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Automatically enable and disable a router's DMZ
Authored by: rflo on Oct 19, '05 08:08:48AM

Why not open the ports you need instead of activating the DMZ? Putting any machine except a stripped server in a DMZ is dangerous.

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Ronald Florence



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Agree
Authored by: sudogeek on Oct 19, '05 08:31:04AM

I can only agree. If you're not sure what ports are active or used because the documentation is poor (like pcAnywhere), you can briefly set up your computer as a DMZ address. Then connect using whatever program/service of interest, like Acquisition or BitTorrent, and run "netstat -a" in a terminal session. Note which ports are active and whether thay are TCP or UDP. Then, take the computer out of the DMZ and open the appropriate ports.



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Agree
Authored by: Greedo on Oct 19, '05 08:39:29AM
Or install somthing like Little Snitch, which will alert you when an application is trying to connect over a non-standard port.

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Also agree
Authored by: Brock Lee on Oct 19, '05 08:46:11AM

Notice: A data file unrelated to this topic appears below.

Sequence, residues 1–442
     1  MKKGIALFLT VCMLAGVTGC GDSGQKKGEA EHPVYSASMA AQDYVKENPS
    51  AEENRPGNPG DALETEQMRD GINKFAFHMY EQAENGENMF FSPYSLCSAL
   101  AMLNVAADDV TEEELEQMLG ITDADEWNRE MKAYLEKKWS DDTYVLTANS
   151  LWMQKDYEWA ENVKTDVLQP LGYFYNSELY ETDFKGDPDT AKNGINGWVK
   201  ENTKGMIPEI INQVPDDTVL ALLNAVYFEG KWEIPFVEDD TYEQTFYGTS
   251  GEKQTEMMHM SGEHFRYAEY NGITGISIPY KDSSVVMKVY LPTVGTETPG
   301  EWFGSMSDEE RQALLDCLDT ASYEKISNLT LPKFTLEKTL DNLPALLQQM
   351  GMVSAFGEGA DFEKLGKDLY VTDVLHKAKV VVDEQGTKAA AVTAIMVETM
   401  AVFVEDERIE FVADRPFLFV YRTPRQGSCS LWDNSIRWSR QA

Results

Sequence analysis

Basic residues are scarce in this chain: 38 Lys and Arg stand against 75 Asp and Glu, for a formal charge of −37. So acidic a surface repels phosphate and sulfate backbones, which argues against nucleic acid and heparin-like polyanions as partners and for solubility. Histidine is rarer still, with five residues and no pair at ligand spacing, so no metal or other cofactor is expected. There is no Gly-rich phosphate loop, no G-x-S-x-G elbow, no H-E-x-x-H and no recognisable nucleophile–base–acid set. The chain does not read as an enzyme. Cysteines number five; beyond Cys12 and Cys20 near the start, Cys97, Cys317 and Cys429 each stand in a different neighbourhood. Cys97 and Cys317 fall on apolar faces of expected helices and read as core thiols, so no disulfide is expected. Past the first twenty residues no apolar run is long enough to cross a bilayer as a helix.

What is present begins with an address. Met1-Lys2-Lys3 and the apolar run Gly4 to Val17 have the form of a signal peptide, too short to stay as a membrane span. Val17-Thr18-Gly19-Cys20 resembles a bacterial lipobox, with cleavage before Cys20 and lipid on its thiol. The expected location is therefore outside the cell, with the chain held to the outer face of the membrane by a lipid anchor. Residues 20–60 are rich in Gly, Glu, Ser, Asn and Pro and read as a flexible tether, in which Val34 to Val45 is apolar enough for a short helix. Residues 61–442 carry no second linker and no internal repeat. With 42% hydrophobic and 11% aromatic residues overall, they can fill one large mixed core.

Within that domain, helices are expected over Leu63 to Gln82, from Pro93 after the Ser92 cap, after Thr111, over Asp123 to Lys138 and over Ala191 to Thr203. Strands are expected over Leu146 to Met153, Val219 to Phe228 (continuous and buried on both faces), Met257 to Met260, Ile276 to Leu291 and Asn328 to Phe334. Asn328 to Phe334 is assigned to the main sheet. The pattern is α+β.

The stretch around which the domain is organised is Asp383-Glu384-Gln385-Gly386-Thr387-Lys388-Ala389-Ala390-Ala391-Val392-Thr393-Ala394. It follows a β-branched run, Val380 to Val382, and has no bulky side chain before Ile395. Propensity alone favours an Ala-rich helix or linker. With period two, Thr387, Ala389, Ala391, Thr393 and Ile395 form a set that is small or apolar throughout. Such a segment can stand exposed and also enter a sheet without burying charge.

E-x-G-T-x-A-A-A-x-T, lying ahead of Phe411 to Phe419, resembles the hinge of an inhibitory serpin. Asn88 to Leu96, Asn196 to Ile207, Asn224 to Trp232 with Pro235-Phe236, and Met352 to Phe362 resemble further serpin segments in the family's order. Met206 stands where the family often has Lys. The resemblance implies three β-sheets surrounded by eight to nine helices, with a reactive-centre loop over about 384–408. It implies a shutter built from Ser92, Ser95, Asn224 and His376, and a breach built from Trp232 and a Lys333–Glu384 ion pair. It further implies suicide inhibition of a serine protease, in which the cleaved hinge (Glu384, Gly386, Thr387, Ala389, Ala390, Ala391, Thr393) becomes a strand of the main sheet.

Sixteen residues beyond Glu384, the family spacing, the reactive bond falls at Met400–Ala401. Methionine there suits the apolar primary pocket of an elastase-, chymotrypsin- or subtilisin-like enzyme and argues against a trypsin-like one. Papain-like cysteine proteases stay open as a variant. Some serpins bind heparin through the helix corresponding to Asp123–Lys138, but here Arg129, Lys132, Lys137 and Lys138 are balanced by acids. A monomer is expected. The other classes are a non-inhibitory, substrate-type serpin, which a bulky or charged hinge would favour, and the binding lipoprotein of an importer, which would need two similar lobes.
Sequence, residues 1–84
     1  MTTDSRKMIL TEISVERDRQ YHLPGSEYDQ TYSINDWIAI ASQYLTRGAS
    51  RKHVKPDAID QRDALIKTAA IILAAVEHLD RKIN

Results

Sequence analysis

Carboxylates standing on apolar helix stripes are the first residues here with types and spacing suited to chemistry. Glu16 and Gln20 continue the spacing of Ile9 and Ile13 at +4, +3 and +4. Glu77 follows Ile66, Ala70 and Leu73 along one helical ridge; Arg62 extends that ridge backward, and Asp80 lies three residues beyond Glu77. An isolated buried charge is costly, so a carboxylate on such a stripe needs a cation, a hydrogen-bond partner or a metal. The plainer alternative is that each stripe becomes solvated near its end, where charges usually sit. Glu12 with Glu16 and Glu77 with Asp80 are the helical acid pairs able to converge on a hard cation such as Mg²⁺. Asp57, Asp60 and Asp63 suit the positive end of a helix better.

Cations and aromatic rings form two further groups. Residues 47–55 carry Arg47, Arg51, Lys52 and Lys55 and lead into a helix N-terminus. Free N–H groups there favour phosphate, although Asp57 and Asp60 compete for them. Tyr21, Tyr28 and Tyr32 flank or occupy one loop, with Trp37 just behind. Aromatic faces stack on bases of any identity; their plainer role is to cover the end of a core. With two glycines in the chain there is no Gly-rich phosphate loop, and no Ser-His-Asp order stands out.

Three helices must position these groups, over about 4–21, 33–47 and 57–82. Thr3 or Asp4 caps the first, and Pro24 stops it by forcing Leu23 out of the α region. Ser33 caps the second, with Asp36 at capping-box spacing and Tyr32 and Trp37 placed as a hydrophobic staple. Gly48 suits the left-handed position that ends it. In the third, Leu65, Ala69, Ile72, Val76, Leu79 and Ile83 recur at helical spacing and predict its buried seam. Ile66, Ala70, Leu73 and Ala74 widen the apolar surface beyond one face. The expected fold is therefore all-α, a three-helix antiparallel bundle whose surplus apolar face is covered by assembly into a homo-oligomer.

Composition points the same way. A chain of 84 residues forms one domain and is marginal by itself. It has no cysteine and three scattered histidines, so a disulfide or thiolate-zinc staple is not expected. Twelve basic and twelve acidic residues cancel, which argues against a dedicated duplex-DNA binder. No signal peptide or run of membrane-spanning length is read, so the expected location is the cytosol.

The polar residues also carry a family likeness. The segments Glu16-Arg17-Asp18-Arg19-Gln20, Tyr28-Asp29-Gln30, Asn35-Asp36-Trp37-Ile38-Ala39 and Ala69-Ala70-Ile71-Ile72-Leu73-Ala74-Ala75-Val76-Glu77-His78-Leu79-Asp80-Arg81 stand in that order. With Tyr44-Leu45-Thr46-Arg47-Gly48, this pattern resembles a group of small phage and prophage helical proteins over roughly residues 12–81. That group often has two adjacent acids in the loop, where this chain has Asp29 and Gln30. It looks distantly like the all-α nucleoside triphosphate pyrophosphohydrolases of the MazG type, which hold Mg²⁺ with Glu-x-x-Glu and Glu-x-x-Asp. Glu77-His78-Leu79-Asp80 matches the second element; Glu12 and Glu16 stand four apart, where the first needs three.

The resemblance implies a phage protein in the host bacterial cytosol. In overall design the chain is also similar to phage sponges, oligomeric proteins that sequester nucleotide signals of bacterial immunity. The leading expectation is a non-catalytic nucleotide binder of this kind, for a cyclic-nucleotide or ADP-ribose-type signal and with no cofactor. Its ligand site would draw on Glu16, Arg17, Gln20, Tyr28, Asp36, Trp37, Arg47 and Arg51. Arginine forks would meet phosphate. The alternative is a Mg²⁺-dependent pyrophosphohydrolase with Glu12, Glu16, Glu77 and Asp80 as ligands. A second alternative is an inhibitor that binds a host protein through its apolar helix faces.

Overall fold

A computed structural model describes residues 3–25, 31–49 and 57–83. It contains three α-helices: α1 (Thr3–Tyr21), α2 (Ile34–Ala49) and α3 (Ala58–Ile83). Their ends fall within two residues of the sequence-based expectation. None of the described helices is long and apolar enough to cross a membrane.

I also agree. Open ports on the router selectively (which is a capability of three different brands of consumer-grade routers I've used -- Linksys, D-Link, Belkin). Don't expose the entire system.

P.S. FWIW, D-Link has given me the most problems with wireless compatability.



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Agree also
Authored by: timhaigh on Oct 19, '05 04:01:25PM

DMZ's are dangerous for security.

I just open the ports I need in my firewall. All the reasons stated in the OP's hint for opening a DMZ don't make sense at all.

Bittorrent. If you use Azureus you only need to open 1 tcp port, and 1 udp port for decentralised tracking.

Serving Web pages you only need to open tcp port 80

Remote Logging via SSH you need to open tcp port 22 and if using public key authentication it is very secure.



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